Of particular interest to aviation buffs, but valuable for anyone interested in how a life lived with integrity prepares a...

HIGHEST DUTY

MY SEARCH FOR WHAT REALLY MATTERS

The hero pilot who made the successful emergency landing in the Hudson River tells his story, assisted by bestselling author Zaslow (The Girls from Ames, 2009, etc.).

On Jan. 15, 2009, about 95 seconds after takeoff, US Airways Flight 1549 struck a flock of geese, knocking out both engines. Less than four minutes later the plane was floating in the Hudson with all aboard alive and largely uninjured thanks to the cool decision-making of Captain “Sully” Sullenberger. In countless public appearances since the incident, Sullenberger has emerged as an appealingly modest, straightforward guy, a demeanor maintained here in his easygoing, no-frills account of his Texas boyhood, his early infatuation with flying, his years at the Air Force Academy, his peacetime military career and his experiences as a commercial pilot, where safety procedures became somewhat of a specialty. The author recalls lessons learned from his parents, instructors, colleagues, his fitness instructor wife and his two adopted daughters, all of whom contributed to preparing him to handle the dire emergency that made him famous. Careful to credit his fellow crew members, especially First Officer Jeff Skiles, Sullenberger rejects the “hero” label, reserving that for folks who place themselves consciously in danger, rather than for those who have a crisis thrust upon them. The author insists he successfully managed the situation because of a decision made many years ago about the kind of person he wished to be. He claims to have summoned a courage and sense of responsibility common to many other ordinary people faced with extraordinary circumstances. Sullenberger also addresses the dramatic water rescue and his post-flight celebrity, and he answers some of the many moving messages he received. He attributes much of the media attention to timing. People battered by foreclosures, hammered with job losses and stung by decimated savings accounts looked to the story of Flight 1549 and saw that there are “ways out of the tightest spots.”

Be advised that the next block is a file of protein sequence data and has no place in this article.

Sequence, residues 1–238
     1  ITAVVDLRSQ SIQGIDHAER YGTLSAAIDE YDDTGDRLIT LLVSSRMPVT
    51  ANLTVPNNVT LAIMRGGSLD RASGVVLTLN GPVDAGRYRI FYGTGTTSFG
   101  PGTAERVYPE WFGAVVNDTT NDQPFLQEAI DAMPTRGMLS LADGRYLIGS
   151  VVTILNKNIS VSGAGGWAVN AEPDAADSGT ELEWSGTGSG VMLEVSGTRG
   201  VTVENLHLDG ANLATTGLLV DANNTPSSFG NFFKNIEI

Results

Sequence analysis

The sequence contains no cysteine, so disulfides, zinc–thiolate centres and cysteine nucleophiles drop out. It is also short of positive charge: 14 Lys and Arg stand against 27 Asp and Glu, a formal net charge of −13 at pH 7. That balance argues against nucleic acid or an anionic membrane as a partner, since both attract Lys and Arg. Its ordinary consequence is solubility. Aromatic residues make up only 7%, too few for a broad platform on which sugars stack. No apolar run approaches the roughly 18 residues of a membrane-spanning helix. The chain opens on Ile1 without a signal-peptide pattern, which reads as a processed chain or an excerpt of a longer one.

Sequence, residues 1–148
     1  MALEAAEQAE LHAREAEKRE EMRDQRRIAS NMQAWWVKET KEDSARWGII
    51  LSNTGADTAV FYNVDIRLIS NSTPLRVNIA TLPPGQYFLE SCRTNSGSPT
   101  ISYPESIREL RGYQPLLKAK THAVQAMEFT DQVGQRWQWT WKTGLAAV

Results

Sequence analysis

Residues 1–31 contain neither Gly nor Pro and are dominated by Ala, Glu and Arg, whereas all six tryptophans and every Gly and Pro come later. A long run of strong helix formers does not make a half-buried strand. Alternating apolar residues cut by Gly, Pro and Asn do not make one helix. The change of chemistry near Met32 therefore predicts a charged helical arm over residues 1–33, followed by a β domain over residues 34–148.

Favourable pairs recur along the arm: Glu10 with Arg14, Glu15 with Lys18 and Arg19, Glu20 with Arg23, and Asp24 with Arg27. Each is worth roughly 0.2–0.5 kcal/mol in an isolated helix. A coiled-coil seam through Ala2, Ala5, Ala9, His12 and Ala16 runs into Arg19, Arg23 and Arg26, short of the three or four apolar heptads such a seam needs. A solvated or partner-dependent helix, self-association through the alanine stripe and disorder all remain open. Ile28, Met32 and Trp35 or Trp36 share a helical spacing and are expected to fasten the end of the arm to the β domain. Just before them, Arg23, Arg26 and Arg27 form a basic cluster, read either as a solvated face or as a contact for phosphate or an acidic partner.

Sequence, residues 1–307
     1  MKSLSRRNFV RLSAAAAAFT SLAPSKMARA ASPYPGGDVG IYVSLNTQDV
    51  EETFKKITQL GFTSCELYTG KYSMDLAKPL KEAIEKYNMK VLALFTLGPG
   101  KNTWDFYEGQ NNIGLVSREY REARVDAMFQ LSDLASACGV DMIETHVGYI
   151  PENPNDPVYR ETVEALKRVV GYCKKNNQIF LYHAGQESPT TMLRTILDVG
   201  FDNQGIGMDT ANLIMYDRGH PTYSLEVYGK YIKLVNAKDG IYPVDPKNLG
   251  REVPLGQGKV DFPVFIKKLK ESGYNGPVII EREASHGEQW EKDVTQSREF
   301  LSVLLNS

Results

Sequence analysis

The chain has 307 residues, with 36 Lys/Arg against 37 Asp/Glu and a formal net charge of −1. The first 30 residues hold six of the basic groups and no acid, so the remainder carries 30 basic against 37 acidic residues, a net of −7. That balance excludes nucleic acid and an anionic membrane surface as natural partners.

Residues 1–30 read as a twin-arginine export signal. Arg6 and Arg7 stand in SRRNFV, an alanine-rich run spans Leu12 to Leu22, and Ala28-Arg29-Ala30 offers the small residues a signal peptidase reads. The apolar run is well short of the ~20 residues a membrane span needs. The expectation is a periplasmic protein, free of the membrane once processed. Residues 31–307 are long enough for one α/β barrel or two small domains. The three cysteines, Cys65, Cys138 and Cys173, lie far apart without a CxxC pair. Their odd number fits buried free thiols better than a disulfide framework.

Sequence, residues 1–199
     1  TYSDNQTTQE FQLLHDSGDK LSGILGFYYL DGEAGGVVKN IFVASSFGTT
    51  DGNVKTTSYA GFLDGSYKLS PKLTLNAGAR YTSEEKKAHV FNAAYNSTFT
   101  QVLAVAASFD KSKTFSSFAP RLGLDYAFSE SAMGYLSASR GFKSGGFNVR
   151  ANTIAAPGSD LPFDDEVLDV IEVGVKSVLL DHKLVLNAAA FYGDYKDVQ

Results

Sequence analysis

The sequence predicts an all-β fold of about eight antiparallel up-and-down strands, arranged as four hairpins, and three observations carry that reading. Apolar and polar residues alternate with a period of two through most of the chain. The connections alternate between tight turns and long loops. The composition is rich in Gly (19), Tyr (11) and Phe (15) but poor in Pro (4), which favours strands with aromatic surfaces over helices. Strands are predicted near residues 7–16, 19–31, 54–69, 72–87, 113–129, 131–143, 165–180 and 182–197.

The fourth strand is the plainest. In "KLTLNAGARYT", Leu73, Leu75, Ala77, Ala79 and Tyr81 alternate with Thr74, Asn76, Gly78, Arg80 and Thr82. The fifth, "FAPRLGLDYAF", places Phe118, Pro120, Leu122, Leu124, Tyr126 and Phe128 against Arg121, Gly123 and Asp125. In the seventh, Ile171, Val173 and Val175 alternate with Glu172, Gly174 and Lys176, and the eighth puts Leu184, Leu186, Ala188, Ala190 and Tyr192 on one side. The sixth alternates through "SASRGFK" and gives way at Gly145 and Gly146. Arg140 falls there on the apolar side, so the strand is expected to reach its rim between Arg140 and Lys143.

Of particular interest to aviation buffs, but valuable for anyone interested in how a life lived with integrity prepares a man for the ultimate challenge.

Pub Date: Oct. 13, 2009

ISBN: 978-0-06-192468-2

Page Count: 352

Publisher: Morrow/HarperCollins

Review Posted Online: May 20, 2010

Kirkus Reviews Issue: Sept. 15, 2009

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A standout immigrant coming-of-age story.

THE DISTANCE BETWEEN US

A MEMOIR

In her first nonfiction book, novelist Grande (Dancing with Butterflies, 2009, etc.) delves into her family’s cycle of separation and reunification.